Psychologist Proposes a “Dressing Room Challenge” to Promote Body Positivity

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Bathing suit season is right around the corner, and that means preparing to face the dreaded dressing room mirror clad in nothing but a bikini or measly nylon one-piece.  One woman, though, thinks she might have found a solution.

Dr. Susan Albers, a psychologist at the Cleveland Clinic in Wooster, Ohio, is encouraging women to make shopping less about body bashing and more about self-love with her “Dressing Room Challenge.”  She took to Facebook to get other women onboard with her body-positivity movement and explain what set it in motion.

“In the dressing room, there were two young ladies looking in the full-length hall mirror,” Dr. Albers wrote on Facebook. “As I shut the door, I could hear one of them say, ‘In this, I look like a f** *** ***’ (I don’t care to repeat.)  Dressing rooms aren’t always a pleasant experience ­– wall-to-wall mirrors, unflattering lighting, and doors that barely shut. Trying on the wrong shape or color of clothing can cut deep into your self-esteem.  I get it ladies!”

Relating to the very real struggle of trying to remain confident while staring down the intimidating and harsh dressing room mirror, Dr. Albers had a proposition to all her fellow women.

“My plea to you.  Speak mindfully. ‘No thank you’ or ‘pass’ will do. Please remember that whether they are 6 or 60, everyone around you absorbs every word you say about your body. You are a role model about the words and phrases that are ‘okay’ to attach to women’s bodies.”

So, Dr. Albers came up with a healthy alternative to the routine dressing room body bashing: what she deems the “Dressing Room Challenge.”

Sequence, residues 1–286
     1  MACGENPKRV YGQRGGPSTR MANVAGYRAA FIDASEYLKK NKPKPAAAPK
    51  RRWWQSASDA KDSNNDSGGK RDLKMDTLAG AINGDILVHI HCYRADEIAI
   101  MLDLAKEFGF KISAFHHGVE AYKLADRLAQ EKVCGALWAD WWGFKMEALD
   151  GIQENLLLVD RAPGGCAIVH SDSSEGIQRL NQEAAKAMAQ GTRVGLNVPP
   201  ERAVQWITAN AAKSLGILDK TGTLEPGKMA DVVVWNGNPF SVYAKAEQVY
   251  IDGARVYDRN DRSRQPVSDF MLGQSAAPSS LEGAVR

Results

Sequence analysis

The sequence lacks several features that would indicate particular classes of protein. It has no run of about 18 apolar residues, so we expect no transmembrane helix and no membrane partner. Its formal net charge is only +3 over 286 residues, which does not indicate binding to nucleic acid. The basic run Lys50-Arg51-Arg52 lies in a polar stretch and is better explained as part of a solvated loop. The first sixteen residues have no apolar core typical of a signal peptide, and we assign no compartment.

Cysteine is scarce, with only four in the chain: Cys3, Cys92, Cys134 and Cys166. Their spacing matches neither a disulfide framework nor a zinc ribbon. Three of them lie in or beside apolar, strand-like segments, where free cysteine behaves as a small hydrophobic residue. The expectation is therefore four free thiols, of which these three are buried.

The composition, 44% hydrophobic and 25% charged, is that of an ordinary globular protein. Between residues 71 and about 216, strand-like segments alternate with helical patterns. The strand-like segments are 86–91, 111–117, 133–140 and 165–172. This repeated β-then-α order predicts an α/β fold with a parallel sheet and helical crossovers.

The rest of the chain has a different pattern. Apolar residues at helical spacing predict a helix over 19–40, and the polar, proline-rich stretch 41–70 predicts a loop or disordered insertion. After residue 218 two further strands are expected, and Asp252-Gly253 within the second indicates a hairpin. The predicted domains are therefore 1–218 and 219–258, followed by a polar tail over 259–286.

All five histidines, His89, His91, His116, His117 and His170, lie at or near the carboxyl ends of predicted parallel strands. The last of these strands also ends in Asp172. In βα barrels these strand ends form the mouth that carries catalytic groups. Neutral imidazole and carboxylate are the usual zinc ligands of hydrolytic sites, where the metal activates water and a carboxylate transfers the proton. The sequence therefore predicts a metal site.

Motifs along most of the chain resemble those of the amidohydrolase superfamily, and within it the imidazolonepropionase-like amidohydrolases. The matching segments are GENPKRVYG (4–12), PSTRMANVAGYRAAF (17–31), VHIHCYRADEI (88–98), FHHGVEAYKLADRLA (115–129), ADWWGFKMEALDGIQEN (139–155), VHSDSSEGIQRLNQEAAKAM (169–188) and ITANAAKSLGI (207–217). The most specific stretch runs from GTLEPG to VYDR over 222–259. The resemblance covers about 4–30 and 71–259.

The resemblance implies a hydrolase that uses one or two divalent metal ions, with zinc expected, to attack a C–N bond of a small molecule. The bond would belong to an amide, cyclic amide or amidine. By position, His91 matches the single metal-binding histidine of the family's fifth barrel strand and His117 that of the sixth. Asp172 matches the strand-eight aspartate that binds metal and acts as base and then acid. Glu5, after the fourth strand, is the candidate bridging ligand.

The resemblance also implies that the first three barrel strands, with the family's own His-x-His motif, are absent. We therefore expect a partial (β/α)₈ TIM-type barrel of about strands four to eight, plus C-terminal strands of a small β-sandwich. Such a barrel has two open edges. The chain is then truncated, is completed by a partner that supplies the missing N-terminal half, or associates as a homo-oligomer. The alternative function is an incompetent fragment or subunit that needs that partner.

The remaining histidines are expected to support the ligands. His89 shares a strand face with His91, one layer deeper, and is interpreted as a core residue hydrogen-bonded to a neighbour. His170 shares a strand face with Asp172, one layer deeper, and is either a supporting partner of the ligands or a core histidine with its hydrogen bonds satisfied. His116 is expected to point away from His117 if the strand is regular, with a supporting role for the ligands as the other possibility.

“Don’t let your inner critic enter the dressing room with you,” she advised. “Leave her behind. Have fun in there. Say something affirming to yourself. Or, if that is too difficult, try directing positive vibes to someone else.”

Yahoo Style interviewed Dr. Albers, who described hearing other women in dressing rooms berate their bodies.

“I was trying on a dress while one of the women was describing herself as a ‘cow.’ I’m looking at my own reflection in the mirror and thinking about the other women in the dressing area who could also hear the conversation,” Dr. Albers told Yahoo Style.

Just hearing these types of negative comments floating around a dressing room can often trigger a negative body image for other women.  Thoughts like “Do I look like a ‘cow,’ too?” or “Are the other women in here thinner than me?” become almost contagious.

Dr. Albers proposes that instead of allowing yourself to place negative labels on your reflection or your body, try to embrace more positive or neutral thoughts.

“One you walk into the dressing room, tell yourself, ‘I will leave my inner critic at the door,” Dr. Albers said. “If you don’t like how you look, say, ‘This shirt isn’t as flattering as the other one,’ or ‘I liked the other pants better.’”

She also recommends spreading the positivity by complimenting other women, saying she’s never shy when it comes to doling out praise.

“I don’t hesitate to tell her when she looks absolutely amazing,” she explained. “So rarely do we give spontaneous compliments, which is unfortunate, because objective praise is often perceived as more genuine.”

With dressing rooms causing so many women to lose confidence, or blame their bodies for not fitting into a certain size and measurement, it seems like it’s certainly time for a change.  Some stores in the U.K. are even considering getting rid of dressing room mirrors entirely, so women can concentrate on how the clothes make them feel, and not waste time nitpicking so-called flaws on their bodies.

So maybe it’s time we all take the “Dressing Room Challenge”, or hey, maybe even shatter those mirrors altogether.

My favorite things in life include cozy coffee shops, window-shopping, wearing the perfect outfit, or writing the most satisfying words.

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